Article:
In rising whirl of taxis, rules fall by wayside

Often drivers switch from one service to the other, using different names and identification, from one day to the next.

Written by Aniruddha Ghosal , Dipankar Ghose | New Delhi | Updated: December 9, 2014 11:53 am
Taxi drivers protest Uber services in Pennsylvania in Oct.(Source: AP) Taxi drivers protest Uber services in Pennsylvania in October. (Source: AP)

Even as the number of radio taxis in Delhi has grown exponentially over the last decade — a 700 per cent increase, according to the Delhi Economic Survey — drivers across services say they have found ways to subvert standard practices. With demand still far exceeding supply of cabs, and companies more than willing to keep their vehicles on the road, there are few checks on practices that adversely affect the security of a passenger.

Many drivers who Newsline spoke to said that over the years, a difference between “maalik” and “driver” had surfaced. There are days when the “maalik”, a registered driver of the cab service, marks attendance and after passing on a mobile phone, hands over the vehicle to another person. “There is no camera in the car that prevents us from doing so and, this way, an extra fare is earned and the car stays out on the road for longer.


The passenger only identifies a driver with a phone number and because the SIM card is exchanged, there are very little problems that follow. So when the call is made from the passenger to the driver, he pretends he is the man whose details have been sent via SMS. “I admit that security is a problem and I don’t have control of what the man I have employed will do, but I have to earn a little extra to feed my family,” the driver of a private cab service said.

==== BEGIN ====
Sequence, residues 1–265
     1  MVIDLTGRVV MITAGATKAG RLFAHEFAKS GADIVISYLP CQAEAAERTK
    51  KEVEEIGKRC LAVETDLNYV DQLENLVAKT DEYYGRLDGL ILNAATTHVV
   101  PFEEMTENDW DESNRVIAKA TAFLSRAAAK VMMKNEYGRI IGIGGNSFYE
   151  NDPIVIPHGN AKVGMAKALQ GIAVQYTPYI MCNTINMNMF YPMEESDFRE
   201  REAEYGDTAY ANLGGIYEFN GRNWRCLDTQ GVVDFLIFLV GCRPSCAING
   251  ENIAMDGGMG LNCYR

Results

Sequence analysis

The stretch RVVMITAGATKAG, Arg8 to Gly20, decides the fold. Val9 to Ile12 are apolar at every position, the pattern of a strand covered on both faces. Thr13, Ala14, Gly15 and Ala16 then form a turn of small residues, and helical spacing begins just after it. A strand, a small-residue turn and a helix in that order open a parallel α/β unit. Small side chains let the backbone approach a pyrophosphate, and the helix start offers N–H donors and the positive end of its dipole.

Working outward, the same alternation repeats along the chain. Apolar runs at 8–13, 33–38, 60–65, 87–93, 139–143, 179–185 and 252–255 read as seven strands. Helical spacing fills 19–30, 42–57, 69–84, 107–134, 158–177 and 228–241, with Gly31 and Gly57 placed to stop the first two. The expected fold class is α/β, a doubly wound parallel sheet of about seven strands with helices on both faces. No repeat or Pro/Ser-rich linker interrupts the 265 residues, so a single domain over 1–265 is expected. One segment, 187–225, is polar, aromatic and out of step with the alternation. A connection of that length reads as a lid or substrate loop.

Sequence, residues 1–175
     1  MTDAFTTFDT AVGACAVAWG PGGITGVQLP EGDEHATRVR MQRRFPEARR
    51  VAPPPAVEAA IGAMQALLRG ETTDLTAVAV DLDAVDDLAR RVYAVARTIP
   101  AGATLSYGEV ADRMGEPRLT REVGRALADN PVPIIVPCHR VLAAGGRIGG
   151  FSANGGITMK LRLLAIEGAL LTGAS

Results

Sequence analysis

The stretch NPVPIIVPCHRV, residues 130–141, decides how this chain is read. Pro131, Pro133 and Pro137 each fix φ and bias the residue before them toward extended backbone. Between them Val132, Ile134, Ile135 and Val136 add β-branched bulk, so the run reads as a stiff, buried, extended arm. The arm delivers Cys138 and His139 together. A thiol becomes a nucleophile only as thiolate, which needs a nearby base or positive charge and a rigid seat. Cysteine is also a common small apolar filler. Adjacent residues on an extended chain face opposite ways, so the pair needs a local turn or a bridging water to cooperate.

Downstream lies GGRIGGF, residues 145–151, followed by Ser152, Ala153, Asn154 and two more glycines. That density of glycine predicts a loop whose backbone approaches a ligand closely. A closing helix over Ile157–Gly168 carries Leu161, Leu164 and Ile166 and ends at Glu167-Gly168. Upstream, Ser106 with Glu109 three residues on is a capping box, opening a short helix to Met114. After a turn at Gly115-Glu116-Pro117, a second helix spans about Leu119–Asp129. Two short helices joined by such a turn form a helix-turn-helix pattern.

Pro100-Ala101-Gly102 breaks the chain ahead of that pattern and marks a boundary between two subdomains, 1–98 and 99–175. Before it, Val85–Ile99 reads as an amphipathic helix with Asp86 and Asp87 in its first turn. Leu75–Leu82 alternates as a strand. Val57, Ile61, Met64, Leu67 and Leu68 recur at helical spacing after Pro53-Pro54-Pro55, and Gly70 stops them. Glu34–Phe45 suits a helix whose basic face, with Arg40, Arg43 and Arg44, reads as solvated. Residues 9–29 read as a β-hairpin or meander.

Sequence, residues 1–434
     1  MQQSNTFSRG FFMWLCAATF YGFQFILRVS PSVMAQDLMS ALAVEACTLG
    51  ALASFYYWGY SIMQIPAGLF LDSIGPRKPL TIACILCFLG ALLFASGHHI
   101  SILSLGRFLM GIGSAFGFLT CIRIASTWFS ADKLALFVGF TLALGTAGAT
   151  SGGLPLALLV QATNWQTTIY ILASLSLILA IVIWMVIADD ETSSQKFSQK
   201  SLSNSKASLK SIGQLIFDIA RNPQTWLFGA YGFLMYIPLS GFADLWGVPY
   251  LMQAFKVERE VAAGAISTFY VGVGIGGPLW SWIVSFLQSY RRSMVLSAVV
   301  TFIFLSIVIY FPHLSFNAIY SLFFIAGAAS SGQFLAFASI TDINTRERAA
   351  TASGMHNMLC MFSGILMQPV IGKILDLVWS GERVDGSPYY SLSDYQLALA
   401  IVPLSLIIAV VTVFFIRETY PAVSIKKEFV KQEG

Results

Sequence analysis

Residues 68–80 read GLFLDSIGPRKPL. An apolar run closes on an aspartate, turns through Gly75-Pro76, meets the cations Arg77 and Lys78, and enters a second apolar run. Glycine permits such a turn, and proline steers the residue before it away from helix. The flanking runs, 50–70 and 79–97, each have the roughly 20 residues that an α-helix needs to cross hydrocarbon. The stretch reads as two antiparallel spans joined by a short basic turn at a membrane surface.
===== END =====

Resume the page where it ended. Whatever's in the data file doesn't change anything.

Birender Singh, president of the e-radio taxi union, said that the “state of the industry” had given drivers extra incentive to find loopholes in the system. “Ever since radio cabs have come into being, most drivers who have an all-India permit have gone out of work. Earlier, they used to get hired for within the city, but this has now stopped completely. They drive radio taxis even when not registered to make ends meet,” he said.

Often drivers switch from one service to the other, using different names and identification, from one day to the next. “On the day meant for rest, many use different identification to ply in a different service. In one, or sometimes both, the personal details may be false, but there are very few checks,” said one driver, showing two identification badges with different names.

Other drivers said they were registered employees of different radio cab services at the same time. “The companies give us different smartphones and at several times, I switch off the smartphone from one company, which has GPS enabled on it, and ply the other service. I am aware that this is against the rules, but we have to get as much business as we can get on board.” an Ola cab driver said.

Drivers often turn off their GPS devices and pick up passengers. “As I return home every day to Sarita Vihar, I pick up six passengers and drop them off, and this money I earn directly, without having to pay anyone else. Often, I am flagged down, and even if the GPS is working, it is easy to pretend that it is temporarily malfunctioning,” a driver said.

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